The Side Effects You Might Experience If You Use Albuterol

Living with asthma poses unique challenges, especially for those with an active lifestyle. This chronic condition affects your lungs, making it difficult to breathe. In some cases, it may cause wheezing, coughing, shortness of breath, and tightness in the chest during or after exercise, notes Asthma and Lung UK. Some people also experience flare-ups when exposed to dust mites, pollen, pet dander, or cigarette smoke. The Cleveland Clinic says that household cleaners and other chemicals can trigger asthma attacks, too.

One way to manage asthma symptoms is to use bronchodilators. These medications relax the muscles in your lungs, allowing for better airflow. Simply put, they can help you breathe more easily whenever your symptoms flare up, according to the Cleveland Clinic. Albuterol, a commonly used bronchodilator, may relieve coughing, wheezing, and breathing problems in people with asthma or other lung disorders, explains the Mayo Clinic. The drug is sold under different names, such as Ventolin, Proventil, and Accuneb, and requires a prescription.

Albuterol, or salbutamol, can be administered orally or inhaled, depending on its form (e.g. tablets, suspension, or powder), notes Healthline. The effects last for six to 12 hours, allowing you to carry on with your day without having to worry about asthma flare-ups. But like most medications, albuterol isn't entirely safe and may not work for everyone. 

What to expect when taking albuterol

The U.S. National Library of Medicine recommends taking albuterol every four to six hours as needed or up to 30 minutes before exercise, but some people may experience wheezing and breathing problems immediately after using it. Other potential side effects include tremors, nausea, vomiting, coughing, headaches, allergic reactions, and body aches. What's more, the drug may not be safe for those with an overactive thyroid, diabetes, heart disease, or seizures.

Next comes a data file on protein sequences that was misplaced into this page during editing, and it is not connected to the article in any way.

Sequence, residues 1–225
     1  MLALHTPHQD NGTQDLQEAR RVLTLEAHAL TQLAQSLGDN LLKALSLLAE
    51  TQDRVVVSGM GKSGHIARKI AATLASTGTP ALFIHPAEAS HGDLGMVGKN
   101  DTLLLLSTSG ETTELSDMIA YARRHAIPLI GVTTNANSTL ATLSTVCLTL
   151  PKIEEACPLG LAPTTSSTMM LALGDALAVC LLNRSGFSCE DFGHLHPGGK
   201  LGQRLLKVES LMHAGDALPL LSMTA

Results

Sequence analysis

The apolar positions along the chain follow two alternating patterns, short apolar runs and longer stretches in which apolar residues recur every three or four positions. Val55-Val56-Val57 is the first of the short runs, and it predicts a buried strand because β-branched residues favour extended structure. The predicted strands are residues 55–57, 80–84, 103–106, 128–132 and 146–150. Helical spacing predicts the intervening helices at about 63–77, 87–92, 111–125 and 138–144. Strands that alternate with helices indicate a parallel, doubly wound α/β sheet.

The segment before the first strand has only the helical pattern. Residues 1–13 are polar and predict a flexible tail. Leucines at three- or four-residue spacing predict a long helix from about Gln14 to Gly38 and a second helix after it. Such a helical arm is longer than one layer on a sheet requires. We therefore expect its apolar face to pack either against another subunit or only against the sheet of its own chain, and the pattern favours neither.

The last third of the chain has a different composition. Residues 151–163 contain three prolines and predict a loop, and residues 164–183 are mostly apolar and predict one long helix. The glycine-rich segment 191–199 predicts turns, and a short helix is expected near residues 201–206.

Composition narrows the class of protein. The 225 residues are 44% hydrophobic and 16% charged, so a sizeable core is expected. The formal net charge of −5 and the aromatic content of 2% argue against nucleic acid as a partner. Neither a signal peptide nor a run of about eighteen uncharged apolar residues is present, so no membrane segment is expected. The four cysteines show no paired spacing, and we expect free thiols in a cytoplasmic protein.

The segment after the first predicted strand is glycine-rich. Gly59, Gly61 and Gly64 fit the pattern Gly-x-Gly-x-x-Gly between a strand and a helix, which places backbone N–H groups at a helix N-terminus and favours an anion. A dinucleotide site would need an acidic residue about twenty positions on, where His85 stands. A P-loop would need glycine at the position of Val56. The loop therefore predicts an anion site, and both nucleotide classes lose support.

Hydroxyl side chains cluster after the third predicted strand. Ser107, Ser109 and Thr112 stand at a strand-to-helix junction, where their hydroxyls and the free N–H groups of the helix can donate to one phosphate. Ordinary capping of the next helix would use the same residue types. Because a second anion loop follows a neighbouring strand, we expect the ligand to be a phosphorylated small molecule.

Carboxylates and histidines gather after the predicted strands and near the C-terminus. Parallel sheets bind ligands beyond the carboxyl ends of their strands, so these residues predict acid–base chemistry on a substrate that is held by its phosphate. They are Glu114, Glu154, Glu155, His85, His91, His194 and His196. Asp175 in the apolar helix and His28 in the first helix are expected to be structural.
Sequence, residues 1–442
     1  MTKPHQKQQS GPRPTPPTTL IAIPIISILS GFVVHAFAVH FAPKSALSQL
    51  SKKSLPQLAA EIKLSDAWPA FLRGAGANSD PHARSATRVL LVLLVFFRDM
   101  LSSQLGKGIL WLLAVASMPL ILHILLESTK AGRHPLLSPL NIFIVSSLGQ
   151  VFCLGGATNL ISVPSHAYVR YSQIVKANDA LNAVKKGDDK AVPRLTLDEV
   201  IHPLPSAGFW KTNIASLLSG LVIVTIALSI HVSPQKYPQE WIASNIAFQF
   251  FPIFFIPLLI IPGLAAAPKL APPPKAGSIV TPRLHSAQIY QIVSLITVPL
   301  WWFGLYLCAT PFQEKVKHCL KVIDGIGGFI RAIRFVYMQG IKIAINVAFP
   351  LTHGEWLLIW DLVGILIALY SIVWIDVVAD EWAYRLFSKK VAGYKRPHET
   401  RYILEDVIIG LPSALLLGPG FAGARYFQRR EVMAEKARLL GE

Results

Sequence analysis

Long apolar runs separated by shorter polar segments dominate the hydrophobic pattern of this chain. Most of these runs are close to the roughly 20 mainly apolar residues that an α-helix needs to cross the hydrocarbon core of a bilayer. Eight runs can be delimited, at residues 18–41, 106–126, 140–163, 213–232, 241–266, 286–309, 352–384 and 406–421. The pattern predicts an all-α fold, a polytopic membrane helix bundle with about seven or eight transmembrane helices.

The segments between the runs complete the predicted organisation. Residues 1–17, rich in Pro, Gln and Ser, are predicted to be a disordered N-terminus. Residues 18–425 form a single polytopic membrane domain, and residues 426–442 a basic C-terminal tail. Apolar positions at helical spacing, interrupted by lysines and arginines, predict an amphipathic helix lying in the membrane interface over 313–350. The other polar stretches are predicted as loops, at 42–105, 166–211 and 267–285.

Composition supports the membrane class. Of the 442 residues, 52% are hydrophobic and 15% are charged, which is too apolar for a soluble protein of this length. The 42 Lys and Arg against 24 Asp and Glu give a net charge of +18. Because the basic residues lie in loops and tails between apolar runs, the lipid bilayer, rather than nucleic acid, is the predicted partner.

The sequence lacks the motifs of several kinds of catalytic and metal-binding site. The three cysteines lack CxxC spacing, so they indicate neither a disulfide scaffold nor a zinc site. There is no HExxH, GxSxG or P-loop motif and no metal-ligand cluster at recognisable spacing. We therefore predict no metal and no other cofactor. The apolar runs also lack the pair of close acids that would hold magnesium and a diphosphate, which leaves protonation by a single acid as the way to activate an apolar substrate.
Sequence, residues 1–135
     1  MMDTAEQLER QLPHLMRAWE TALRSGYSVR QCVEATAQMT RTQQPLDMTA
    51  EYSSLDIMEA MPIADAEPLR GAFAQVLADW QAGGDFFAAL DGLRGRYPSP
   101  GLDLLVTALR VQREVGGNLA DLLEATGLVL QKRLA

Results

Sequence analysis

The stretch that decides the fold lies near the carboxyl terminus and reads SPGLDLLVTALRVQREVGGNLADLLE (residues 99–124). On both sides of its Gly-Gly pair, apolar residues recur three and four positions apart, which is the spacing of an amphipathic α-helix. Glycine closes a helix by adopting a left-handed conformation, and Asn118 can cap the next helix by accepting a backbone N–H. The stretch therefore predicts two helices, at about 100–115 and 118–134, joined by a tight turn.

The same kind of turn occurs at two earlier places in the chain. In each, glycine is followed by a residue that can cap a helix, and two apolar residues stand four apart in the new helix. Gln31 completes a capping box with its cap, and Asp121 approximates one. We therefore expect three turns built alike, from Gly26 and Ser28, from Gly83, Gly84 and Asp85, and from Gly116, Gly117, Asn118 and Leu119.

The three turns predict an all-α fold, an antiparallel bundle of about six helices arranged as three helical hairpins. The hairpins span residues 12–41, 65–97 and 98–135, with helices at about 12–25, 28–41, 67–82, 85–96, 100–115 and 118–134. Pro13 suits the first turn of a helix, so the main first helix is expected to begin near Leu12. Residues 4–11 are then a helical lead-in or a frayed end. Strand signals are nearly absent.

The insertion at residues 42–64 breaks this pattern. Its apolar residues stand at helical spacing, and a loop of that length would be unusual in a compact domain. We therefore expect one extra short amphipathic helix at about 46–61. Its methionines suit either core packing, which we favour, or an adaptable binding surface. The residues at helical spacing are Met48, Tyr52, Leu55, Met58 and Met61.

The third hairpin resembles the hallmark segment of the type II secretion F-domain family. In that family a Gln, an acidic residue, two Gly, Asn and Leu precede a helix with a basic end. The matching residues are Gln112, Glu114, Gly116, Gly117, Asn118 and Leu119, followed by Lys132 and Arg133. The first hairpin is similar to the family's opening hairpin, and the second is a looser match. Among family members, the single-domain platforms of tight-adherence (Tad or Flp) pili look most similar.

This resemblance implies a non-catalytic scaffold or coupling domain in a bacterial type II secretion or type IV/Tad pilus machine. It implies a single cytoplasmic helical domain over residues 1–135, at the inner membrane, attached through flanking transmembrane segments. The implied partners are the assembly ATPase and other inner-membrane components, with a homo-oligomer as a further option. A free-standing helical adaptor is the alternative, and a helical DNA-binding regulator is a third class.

A 2015 study published in the Journal of Allergy and Clinical Immunology: In Practice found that albuterol overuse has been shown to affect mental function and increase the risk of depression. Over-users are also more likely to experience worsening asthma symptoms and a lower quality of life than those taking the recommended dosage. To prevent these issues, health experts advise against taking albuterol on the days you feel well.

The Journal of Allergy and Clinical Immunology: In Practice reports that about 25% of people with asthma overuse the drug. Albuterol isn't addictive, but you feel like you need it around the clock, explains WebMD. If that happens, you may end up overusing it or taking dangerously high doses, which could lead to insomnia, nervousness, fatigue, arrhythmia, seizures, and other serious side effects (per the U.S. National Library of Medicine). Also, note that albuterol tablets pose a higher risk of adverse reactions than the inhaled form, warns the National Capital Poison Center

Albuterol may affect children differently

Doctors can prescribe albuterol to children as young as two years of age, per the U.S. National Library of Medicine. Some forms of the drug, such as albuterol powder, should only be used by children over 12. Given these aspects, it's important to note that your child may experience different reactions to this product than an adult.

Dry powder inhaler products, including albuterol, can cause painful urination in children, according to Memorial Sloan Kettering Cancer Center (MSKCC). Your child might also experience back pain and other aches after using their inhaler. Albuterol tablets, on the other hand, may cause toxic epidermal necrolysis, a skin disease characterized by painful red areas, blisters, eye irritation, mouth sores, and other local reactions.

Some children may also experience mood changes, digestive distress, vomiting, and nose or throat irritation after taking albuterol. Moreover, the drug can cause wheezing, hives, swelling of the face and mouth, and other symptoms indicating an allergic reaction. Less commonly, it may increase blood pressure or affect blood potassium levels, warns MSKCC. Call your doctor immediately if your child shows any of these symptoms.

Last but not least, beware that albuterol can interact with beta-blockers, antidepressants, diuretics, and digoxin, a medication prescribed for cardiovascular problems. For example, beta-blockers can inhibit the effects of albuterol and worsen your symptoms, explains Healthline. If you're taking any of these drugs, let your doctor know about it so they can adjust the dosage or prescribe a different treatment.